If you've been waiting out the year it's taken for the Leicester Haymarket production of Rogers and Hart's 1936 musical comedy On Your Toes to come to London, be glad that producer Raymond Gubbay has at last found a home for it. That home, unfortunately, is the vast Royal Festival Hall, already the former home of two other Gubbay shows, last summer's disappointing Follies and the monochrome Christmas production of Peter Pan. As with Follies, On Yours Toes is directed by Paul Kerryson, who is again faced with the task of filling the Hall's huge 'stage' and transmitting the product into the even larger auditorium. Kerryson certainly gains polish and clarity from the longer rehearsal period (Follies was only allowed two weeks), but again ultimately loses out to the Hall's expanse. Dialogue scenes flop like a cat off a diving board, the humour perhaps being a little too sharp (although laced with corker lines) to make impact when it needs to travel hundreds of metres to reach its receiver. Kerryson also lets some of the narrative progress painfully slowly and so, in contrast with the energetic company dance numbers, the pace dips to an all time low. These problems aside, On Your Toes is still a delight of a show, arguably being Rogers and Hart's best collaboration. The material is not without its own problems; a feather weight plot (involves a New York music professor who finds himself starring in a Russian ballet troupe while being hunted by Mafia assassins) and a more sedate second half, often made me yearn for a good old song `n'dance. When one comes along, it is often thoroughly rewarding, and Rogers'score is gorgeously sung, even if Hart's lyrics are often inaudible.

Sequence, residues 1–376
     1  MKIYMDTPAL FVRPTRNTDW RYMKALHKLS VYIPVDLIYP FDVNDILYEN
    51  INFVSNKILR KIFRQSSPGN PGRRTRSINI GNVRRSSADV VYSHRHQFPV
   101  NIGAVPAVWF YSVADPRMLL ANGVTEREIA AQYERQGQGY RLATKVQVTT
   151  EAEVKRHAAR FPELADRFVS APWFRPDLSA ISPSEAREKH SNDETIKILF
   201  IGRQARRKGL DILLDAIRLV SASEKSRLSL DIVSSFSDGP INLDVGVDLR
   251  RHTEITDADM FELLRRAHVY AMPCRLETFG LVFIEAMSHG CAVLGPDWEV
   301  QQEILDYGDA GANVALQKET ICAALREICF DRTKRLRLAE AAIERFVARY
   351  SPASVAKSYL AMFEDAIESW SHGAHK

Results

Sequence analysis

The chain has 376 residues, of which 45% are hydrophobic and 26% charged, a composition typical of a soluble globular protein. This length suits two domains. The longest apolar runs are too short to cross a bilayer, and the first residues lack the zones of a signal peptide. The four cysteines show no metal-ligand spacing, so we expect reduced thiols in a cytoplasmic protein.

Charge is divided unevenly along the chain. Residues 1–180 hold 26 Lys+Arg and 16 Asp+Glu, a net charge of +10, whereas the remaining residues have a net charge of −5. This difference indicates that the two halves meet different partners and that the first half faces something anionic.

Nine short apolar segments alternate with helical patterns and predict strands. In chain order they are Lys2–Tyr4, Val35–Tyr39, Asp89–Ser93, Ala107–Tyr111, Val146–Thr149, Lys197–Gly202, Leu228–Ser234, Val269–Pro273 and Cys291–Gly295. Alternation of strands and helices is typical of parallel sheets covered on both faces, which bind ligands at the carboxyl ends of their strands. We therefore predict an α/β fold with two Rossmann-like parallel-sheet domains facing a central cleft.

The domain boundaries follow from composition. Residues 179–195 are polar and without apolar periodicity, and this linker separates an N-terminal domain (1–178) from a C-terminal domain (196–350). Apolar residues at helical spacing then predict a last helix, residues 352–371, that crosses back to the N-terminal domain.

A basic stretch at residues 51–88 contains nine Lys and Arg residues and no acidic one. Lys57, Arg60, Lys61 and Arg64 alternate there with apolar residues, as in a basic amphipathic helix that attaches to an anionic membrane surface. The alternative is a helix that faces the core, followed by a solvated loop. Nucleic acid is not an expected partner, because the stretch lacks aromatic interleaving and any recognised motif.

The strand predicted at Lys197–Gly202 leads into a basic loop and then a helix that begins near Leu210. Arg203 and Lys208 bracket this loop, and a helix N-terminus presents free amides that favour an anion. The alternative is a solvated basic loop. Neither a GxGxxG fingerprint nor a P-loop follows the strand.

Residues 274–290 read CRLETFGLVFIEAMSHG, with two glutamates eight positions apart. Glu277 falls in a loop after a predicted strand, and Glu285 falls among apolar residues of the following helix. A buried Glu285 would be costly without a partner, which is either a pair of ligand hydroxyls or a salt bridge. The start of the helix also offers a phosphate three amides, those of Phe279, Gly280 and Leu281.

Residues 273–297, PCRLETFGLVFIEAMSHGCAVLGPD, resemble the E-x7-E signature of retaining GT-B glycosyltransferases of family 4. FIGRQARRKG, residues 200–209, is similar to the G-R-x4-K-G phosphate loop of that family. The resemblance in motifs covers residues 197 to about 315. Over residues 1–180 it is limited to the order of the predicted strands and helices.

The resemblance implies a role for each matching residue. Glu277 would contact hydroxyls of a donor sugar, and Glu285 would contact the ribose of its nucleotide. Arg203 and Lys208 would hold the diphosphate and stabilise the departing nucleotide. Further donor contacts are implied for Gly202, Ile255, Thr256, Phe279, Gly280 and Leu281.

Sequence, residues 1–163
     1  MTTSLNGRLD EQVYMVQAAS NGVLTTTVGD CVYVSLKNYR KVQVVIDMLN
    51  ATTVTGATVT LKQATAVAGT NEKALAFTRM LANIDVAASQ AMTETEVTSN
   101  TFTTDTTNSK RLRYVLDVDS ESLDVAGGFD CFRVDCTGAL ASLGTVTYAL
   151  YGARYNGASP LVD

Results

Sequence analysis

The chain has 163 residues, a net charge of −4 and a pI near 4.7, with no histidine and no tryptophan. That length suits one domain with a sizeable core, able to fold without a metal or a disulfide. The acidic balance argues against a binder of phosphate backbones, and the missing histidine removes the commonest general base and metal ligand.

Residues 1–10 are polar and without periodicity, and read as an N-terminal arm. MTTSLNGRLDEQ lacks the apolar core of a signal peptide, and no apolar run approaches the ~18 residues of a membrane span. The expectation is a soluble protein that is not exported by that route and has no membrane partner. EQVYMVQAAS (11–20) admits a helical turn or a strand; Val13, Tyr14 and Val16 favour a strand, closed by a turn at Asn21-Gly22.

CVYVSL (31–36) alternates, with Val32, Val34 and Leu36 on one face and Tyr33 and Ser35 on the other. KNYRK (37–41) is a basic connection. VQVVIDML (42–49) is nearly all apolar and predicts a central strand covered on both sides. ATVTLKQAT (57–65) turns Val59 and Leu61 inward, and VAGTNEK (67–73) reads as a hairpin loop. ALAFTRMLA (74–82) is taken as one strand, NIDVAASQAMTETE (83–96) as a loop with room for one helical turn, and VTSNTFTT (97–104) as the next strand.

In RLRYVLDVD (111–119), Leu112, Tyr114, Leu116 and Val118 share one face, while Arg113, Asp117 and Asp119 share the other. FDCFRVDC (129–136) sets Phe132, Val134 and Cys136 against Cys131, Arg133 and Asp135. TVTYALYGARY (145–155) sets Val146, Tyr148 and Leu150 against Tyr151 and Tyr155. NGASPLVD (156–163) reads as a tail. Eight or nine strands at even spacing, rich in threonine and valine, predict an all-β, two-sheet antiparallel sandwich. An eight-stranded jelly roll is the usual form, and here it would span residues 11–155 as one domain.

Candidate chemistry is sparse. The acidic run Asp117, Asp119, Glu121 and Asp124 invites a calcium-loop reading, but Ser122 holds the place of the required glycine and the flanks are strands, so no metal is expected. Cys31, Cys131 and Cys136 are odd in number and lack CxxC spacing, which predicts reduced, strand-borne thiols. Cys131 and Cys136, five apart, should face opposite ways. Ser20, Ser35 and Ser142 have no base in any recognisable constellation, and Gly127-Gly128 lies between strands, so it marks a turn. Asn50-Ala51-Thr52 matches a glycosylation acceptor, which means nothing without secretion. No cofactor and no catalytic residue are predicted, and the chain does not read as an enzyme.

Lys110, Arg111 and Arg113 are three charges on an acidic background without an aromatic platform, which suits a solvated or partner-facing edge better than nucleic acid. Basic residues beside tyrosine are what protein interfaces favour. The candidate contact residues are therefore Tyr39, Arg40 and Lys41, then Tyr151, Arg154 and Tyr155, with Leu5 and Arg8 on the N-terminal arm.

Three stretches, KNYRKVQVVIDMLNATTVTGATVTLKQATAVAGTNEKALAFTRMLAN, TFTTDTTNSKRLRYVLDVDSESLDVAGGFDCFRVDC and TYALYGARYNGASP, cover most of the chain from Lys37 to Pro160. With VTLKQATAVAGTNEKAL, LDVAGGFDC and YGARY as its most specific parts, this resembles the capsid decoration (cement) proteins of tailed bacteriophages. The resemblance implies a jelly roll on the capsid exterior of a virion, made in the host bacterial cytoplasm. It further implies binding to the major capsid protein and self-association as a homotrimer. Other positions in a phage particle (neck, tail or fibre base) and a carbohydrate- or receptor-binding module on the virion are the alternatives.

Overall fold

Adam Cooper, who stars as university professor and closeted dancer Junior Dolan, choreographs with a sure hand on jazz and balletic styles. If his choreography does not buzz with originality, it is suitably stylish and energetic. However, his send up of a dire Russian ballet, The Princess Zenobia, is stimulating and amusingly climactic and his blending of Russian classicism and American jazz in the routine for the title number is stunning. As a performer, the former Royal Ballet star is just at home with tap as he is with the other styles required of him. His graceful dancing is complemented by a pleasant singing voice, even if, like the book, his acting is a little lightweight. The support is generally strong, with Sarah Wildor being a hoot as a loud-mouthed Russian dancing diva (and of course dancing with grace and sensitivity). Anna Jane Casey makes the most of an essentially under-written love interest role and is touchingly sweet and sings with an effortless beauty, while Kathryn Evans is also note worthy, and brings the house down as she gradually boozes up with the song "You Took Advantage of Me".
A lot would be gained from the intimacy of a smaller theatrical venue, but unless a transfer comes along, punters should find themselves satisfied enough by this entertaining if flawed piece of escapist fun.